Wednesday, March 9, 2016

Owning a shop, II

In a comment on my blog entry of  2/13/16, Norma Jean felt that I was too negative and that I didn't enjoy owning my shop.  Nothing could be further from the truth.  I am a people person, so I enjoy meeting people and learning their story.  I've been doing this since the late 70s and before that I was a librarian.  There are great similarities between the two occupations.  In both of them, you are trying to help people.

I am also good at recognizing faces  and voices so if you have called the shop several times, usually I will recognize your voice.  I am really good at remembering names, which has been helpful over the years in tourist areas, because Needle Nicely in both Blowing Rock, NC, and now in Vero Beach, FL, has many repeat customers.  Nothing makes a person feel more welcome and comfortable than to have the shop clerk (or owner)  call them by name when they walk in.  Think about it.  I also remember projects that customers have purchased.  Sometimes, that can prove awkward in cases where it has been years since the initial purchase.  I also shock people when I recognize that they resemble their mothers who were customers in long past years.   Some men have  been amazed by this..  Two years ago, I was shocked to learn that there are people who have no facial recognition.  They don't recognize themselves in a mirror or their children when they approach them.  How awful!

Two weeks ago someone came in who had been a customer in our shop in the Village Shops over 21 years ago.  She's from New York and mentioned the name of the friend who had brought her to Needle Nicely.  I have such a visual picture of Molly with her curly, deep auburn hair.  Great memories!

Just last week, a long-time customer of Needle Nicely who had permanently retired to North Carolina over five years ago, suddenly appeared in the shop.  I really couldn't  believe my eyes.  I hugged her and then helped her select a project.  When it came time to record where to mail it, her eyes twinkled as she said her name (which I certainly didn't need, since I have known her for years), and said "at our age, dear, we need to be reminded!"  Not in your case, dear lady!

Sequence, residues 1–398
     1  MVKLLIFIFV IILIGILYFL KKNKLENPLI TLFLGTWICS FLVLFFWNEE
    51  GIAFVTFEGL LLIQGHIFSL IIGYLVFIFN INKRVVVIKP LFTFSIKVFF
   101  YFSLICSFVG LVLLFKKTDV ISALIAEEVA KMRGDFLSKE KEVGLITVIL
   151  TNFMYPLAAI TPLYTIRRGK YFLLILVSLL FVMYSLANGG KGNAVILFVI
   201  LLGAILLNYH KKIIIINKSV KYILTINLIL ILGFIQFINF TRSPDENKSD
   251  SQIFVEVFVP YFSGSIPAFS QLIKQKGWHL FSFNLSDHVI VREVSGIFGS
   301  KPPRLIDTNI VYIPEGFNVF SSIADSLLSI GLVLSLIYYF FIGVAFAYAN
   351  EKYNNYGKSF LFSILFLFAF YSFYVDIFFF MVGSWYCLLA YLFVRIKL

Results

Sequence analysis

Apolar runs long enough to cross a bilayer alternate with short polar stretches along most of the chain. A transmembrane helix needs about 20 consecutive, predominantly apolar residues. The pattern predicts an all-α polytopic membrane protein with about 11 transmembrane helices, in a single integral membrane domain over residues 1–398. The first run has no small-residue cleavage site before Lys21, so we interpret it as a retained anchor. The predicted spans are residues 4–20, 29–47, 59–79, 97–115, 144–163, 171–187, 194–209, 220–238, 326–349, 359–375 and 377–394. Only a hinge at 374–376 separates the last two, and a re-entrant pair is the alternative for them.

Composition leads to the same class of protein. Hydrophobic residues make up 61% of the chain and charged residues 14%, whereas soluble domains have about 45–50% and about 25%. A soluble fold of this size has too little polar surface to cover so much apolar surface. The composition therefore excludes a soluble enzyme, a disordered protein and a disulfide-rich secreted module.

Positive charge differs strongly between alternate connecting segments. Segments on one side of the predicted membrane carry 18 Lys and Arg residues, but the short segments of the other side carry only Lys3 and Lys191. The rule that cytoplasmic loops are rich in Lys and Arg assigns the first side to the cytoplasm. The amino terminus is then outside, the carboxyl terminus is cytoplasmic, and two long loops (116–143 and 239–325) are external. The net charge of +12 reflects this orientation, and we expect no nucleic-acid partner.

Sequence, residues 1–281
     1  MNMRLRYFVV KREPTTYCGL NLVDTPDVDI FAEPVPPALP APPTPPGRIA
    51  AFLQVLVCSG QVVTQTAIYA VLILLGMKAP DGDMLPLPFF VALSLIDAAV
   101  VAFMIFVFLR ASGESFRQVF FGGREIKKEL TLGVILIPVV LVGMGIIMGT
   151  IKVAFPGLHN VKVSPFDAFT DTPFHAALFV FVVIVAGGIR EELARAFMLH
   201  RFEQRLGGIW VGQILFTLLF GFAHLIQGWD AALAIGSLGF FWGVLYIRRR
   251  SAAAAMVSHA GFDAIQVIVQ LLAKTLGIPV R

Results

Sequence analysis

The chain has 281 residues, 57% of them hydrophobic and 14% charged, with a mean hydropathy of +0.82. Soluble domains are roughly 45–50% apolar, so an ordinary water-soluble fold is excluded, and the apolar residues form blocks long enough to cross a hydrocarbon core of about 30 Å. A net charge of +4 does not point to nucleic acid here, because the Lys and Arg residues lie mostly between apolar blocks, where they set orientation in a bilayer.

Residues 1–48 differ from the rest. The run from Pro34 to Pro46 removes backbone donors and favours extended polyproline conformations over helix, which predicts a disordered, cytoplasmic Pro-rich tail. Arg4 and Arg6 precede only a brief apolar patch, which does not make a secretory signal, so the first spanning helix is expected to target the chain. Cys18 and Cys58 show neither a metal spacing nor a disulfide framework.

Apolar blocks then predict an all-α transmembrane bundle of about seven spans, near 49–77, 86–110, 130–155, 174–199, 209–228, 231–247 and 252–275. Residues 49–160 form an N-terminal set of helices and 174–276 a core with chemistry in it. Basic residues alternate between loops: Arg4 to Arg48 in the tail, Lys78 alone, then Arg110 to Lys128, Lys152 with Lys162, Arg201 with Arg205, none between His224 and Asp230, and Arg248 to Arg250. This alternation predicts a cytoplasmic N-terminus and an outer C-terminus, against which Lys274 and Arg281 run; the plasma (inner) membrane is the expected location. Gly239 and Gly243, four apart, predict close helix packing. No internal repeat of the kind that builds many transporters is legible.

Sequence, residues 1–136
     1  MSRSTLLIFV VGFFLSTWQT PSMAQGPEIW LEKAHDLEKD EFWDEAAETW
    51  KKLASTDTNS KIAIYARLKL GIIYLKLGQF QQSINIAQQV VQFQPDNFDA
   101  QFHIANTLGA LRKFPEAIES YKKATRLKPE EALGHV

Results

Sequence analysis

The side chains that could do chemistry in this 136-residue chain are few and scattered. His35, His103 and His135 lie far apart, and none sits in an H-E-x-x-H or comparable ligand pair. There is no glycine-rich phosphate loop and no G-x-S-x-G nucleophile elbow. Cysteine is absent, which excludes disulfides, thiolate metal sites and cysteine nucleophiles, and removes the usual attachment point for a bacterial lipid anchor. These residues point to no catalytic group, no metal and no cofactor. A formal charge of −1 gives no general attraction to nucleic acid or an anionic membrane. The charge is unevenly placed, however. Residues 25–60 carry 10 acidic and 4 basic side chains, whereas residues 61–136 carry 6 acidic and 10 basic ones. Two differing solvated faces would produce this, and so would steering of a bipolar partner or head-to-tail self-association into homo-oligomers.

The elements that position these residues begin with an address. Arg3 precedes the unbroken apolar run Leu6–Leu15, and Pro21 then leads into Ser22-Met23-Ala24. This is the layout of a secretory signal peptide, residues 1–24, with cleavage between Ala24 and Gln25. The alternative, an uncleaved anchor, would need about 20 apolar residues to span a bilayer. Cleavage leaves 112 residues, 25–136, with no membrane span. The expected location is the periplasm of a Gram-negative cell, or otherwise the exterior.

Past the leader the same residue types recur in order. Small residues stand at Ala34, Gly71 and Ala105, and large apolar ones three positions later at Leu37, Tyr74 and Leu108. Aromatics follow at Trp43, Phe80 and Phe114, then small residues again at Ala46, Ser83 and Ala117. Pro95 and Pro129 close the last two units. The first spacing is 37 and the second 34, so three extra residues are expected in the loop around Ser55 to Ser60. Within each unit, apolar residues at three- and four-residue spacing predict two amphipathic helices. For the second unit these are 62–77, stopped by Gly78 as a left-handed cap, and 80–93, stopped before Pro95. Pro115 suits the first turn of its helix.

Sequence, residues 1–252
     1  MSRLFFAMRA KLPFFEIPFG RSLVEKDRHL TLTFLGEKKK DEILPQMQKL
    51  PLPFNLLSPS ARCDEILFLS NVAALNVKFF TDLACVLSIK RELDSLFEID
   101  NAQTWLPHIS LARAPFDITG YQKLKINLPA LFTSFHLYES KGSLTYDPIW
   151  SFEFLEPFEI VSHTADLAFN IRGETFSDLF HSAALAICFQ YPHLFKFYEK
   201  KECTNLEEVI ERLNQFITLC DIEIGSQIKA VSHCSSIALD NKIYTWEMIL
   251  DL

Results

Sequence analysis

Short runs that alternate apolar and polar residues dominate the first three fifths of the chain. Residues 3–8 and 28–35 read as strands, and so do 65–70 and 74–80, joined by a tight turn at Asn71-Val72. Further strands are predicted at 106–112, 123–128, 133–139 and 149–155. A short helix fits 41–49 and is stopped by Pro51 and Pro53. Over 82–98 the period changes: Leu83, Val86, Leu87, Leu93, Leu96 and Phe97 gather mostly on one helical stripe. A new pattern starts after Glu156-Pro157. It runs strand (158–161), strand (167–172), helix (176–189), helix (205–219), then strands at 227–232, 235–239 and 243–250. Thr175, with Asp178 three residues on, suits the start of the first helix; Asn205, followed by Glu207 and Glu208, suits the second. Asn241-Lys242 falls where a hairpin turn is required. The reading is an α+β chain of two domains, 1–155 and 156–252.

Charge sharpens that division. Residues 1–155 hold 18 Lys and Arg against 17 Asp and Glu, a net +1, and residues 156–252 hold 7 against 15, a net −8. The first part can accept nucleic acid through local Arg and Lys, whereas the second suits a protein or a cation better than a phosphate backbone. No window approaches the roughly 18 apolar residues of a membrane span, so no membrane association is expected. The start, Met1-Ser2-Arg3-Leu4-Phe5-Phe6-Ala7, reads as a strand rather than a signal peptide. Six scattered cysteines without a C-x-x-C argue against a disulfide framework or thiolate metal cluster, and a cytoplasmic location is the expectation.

To end on a more serious note, people ask me why so many needlepoint shops appear to be closing.  There are several reasons:  the average age of shopowners (over 65, though there are rare ones who are younger); and the cost of the inventory (most people are shocked to hear how much all those canvases and fibers really cost).  I would love to sell Needle Nicely and am even willing to remain as a consultant working several days a week.  I spent almost 40 years accumulating this knowledge about the needlepoint industry, and really don't mind sharing it.  As an added plus, Vero Beach is a wonderful small town, particularly in the summertime!


  1. It was so clear to me when my friend and I visited your store last winter how much you enjoy your customers. That is often not the case. My LNS is twenty minutes from my house and I won't go there anymore because the owner is so rude. After many years, I've just decided to spend my money elsewhere. So keep up the good work and if you do sell your store, sell it to someone as nice as you!

  2. You've got several years left in you, Mary Agnes--hang in there~

  3. Enjoyed reading this post and hope to meet you someday when I visit my sister who just moved to Ormond Beach. It will make a nice road trip.

    Brenda's Needlepoint Studio